How Things Work: Touchscreen technology comes in different forms

In a world in which we rely so much on our touchscreen devices, it’s hard to imagine that such technology did not exist until a few decades ago. But, in fact, touchscreen technology had a long history before it became that smartphone in your pocket.

Historians believe that touchscreen technology first emerged in the 1960s. At the Royal Radar Establishment in Malvern, U.K., E.A. Johnson introduced capacitive touch. A decade later, American inventor Dr. G. Samuel Hurst developed the resistive touchscreen while conducting atomic physics research at the University of Kentucky.

Later, in the 1980s, a number of researchers were involved in the development of multitouch technology, including Nimish Mehta, Myron Krueger, and Bob Boie. At the same time, touchscreens were beginning to be heavily commercialized. In September 1983, the Hewlett-Packard Company (HP) introduced the HP-150, which was a computer that used infrared (IR) emitters and detectors to sense the user’s touch. However, not only was HP-150 costly, but it also possessed some usability issues.

Then came the 1990s, when touchscreen technology was applied to smaller devices in the form of cellular phones and personal digital assistants (PDAs). The Palm Pilot PDA found the most success during the era, especially in the business world. However, it wasn’t until the 2000s that the advancement of touchscreen technology began to elevate dramatically. The world was in for a shock when, in a 2007 Apple press conference, Steve Jobs demonstrated the slide-to-unlock and swipe-to-scroll hand gestures on the first iPhone. The rest is history.

But how exactly does a touchscreen work? In truth, there is no straightforward answer, as touchscreens come in multiple variations. Here, we will explore the basics of a few existing touch technology systems.

As mentioned earlier, capacitive touch was the first touch technology to be developed. In a capacitive device, the capacitive system is located on a glass panel of a monitor, which consists of inner and outer metallic glass layers that conduct electricity. Sandwiched between the layers is an insulator. When you bring your finger toward the screen, you take in some of the charge from the capacitive layer. The decrease in charge of the capacitive layer is quantified by circuits situated at the corners of the monitor, allowing a computer to determine exactly where you touched the monitor. The computer then sends the calculated location to touchscreen driver software. In contrast to capacitive touch, resistive touch transmits less light from the monitor, providing a less clear picture. Nevertheless, resistive touchscreens are inexpensive to produce, making them the most popular design used. They have the ability to recognize multi-touch input, which has given rise to many of our current touchscreen devices.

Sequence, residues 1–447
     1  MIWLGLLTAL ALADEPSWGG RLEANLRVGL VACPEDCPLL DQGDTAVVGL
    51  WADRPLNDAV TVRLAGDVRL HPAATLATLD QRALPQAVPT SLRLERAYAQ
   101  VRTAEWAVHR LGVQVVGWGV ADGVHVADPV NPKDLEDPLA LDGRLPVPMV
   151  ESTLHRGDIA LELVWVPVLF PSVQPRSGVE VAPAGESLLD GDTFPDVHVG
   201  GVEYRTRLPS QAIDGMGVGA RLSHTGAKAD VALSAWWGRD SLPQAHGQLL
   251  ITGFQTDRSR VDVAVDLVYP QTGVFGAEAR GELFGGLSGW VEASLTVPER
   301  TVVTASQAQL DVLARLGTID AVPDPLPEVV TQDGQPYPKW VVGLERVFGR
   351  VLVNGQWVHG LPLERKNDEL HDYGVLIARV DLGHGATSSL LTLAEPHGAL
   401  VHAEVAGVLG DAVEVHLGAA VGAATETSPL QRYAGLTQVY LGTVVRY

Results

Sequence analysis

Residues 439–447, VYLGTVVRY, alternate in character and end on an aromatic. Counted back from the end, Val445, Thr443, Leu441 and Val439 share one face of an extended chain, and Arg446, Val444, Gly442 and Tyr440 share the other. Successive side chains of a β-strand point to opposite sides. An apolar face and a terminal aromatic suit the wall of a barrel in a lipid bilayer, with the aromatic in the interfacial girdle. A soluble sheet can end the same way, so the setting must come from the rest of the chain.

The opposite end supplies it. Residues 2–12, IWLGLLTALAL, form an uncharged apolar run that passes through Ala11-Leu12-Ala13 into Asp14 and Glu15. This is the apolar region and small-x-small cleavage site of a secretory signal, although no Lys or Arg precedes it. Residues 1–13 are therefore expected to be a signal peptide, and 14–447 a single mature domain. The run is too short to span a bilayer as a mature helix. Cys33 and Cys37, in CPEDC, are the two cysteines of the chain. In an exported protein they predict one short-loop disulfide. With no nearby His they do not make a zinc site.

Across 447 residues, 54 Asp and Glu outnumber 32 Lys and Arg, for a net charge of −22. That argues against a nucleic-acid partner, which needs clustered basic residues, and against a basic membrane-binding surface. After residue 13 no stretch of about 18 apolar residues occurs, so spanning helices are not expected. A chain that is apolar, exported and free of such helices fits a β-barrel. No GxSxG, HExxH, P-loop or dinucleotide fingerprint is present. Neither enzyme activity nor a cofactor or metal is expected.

Similar to the capacitive system, the resistive system is made of two layers with an insulator. However, in a resistive system, the upper layer is composed of a flexible and conductive, polyester plastic. As you press your finger on a resistive screen, you bring the polyester into contact with the glass, which creates a circuit. In comparison to the capacitive system, the resistive system is more accurate in calculating the coordinate location of your touch as it takes note of the change in the electric field.
There are also touchscreen technologies that can sense your fingers through sound. In a surface acoustic wave (SAW) system, the glass plate of a monitor contains transmitting and receiving transducers, as well as reflectors, that are positioned along the perimeter of the screen. Ultrasonic sound waves are reflected from one transducer to the other. However, when you touch the screen, you disrupt the flow of sound beams, while also absorbing their energy. The location of the touch can then be recorded by the receiving transducer. Possessing no metallic layers, the system has excellent light transmission, making it ideal for displaying high quality graphics.

As touch systems continue to advance, the consumer world continues to demand more current technology. At the same time, the explosive growth in technology within the past decade foretells a future of endless possibilities. But as we continue to tap or swipe our phones or tablets, we should not lose sight of the extraordinary human collaboration that went into creating the touchscreens that, decades ago, could only be found in science fiction and movies.